When Father returned from the bathroom, Mother took her turn. Father changed the channel to a ball game and raised the volume so loud we could not talk. But I found no diversion in the game. My stomach had begun to heave. I lay back on the crisp rose print comforter. And when my guts felt they would give at any moment, I quit Father and burst into the bathroom to relieve myself.

Inside stood Mother, her back to me. She was naked and wore a strange contraption about her body. Thick leather straps, like those used to harness oxen, were cinched around her shoulders. They crossed her back in an X, and then wrapped around her waist. The straps were secured with burnished brass buckles. As she turned to me, rosy, chipper, invigorated, I perceived that the straps doubled over the front of her body, where they held up a heavy leather apron that stretched from her hips to just beneath her breasts. Within the apron, a smooth, volleyball-sized river stone sat firmly cradled against the skin of her field-taut stomach.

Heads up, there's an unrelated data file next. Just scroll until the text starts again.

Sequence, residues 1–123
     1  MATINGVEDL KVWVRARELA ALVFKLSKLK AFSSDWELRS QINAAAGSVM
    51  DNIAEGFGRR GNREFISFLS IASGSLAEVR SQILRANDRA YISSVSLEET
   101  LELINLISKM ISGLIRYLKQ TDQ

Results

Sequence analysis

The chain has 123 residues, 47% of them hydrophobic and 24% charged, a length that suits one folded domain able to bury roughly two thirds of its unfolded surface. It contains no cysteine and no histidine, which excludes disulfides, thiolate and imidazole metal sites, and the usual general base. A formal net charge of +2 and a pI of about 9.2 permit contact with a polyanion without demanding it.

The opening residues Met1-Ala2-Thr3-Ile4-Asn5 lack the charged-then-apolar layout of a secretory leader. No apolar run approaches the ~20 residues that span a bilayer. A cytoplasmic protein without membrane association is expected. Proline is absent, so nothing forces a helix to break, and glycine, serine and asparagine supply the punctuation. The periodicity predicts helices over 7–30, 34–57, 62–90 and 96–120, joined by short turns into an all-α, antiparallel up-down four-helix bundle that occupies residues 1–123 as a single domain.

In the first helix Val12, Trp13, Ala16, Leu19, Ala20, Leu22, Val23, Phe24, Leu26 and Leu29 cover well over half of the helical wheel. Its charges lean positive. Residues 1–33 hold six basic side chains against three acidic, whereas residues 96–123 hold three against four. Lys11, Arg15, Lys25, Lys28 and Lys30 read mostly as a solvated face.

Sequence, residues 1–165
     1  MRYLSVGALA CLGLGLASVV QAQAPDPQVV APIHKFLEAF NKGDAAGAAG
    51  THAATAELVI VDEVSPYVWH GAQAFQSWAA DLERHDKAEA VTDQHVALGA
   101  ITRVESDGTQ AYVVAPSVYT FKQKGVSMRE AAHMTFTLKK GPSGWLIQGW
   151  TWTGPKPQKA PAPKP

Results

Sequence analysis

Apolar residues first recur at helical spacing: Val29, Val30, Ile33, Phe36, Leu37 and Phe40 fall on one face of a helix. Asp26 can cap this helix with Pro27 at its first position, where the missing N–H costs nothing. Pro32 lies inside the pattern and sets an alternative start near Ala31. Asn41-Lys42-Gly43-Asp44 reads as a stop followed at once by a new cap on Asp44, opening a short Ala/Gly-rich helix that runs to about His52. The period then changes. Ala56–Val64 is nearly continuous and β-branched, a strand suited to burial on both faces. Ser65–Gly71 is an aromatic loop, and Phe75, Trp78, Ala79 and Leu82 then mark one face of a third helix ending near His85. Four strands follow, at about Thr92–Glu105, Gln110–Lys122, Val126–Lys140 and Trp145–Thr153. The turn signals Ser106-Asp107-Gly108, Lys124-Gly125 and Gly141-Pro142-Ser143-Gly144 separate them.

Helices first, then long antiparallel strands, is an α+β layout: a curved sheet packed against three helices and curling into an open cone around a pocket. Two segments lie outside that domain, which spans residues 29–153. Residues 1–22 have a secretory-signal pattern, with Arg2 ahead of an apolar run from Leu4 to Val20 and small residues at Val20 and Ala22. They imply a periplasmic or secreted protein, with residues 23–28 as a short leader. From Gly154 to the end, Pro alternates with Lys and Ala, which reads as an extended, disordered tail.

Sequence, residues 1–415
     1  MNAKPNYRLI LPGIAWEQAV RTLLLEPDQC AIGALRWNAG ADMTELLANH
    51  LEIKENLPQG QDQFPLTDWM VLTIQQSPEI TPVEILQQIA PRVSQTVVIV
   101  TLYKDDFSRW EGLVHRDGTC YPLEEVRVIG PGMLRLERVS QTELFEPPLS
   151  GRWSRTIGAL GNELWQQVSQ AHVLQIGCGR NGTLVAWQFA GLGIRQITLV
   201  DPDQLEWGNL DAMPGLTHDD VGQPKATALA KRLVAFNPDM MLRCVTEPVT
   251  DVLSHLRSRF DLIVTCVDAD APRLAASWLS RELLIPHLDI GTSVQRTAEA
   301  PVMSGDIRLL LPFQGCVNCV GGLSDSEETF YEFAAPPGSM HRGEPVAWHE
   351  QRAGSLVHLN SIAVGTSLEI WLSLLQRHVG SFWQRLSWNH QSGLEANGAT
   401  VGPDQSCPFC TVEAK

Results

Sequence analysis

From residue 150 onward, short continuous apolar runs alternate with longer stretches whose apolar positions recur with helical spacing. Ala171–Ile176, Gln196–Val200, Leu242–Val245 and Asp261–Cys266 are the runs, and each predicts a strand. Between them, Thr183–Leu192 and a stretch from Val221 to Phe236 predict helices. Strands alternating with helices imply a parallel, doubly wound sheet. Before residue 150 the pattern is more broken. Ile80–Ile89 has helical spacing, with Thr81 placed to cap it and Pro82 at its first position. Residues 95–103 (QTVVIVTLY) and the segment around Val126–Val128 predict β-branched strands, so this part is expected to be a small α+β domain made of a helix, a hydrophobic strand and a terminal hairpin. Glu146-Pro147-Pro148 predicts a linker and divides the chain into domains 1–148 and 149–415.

Mother beckoned me in with great concern. With one hand, she guided me to the toilet, where I expelled the fruits of Jesper’s poison. With the other, she lovingly stroked Heaven’s miracle; my sister, the stone.

If my body is an apothecary, in Jesper began my immunities.

Reader, let me now return to my little books. Let them bloom different shades of the Prophetess Mother Nightingale’s dominion. Let them show sunbeam and tea, boon and charismatic bonds, so that the fullness of her artifice be known.

♦          ♦         ♦

Vincent James is the author of Acacia, a Book of Wonders (Texas Review Press, 2023), the chapbook Rady, or Squirrelhunter (Ravenna Press, 2021), and the collaborative novel, Swerve (Astrophil Press, 2021). Visit him online at www.FatherFever.com.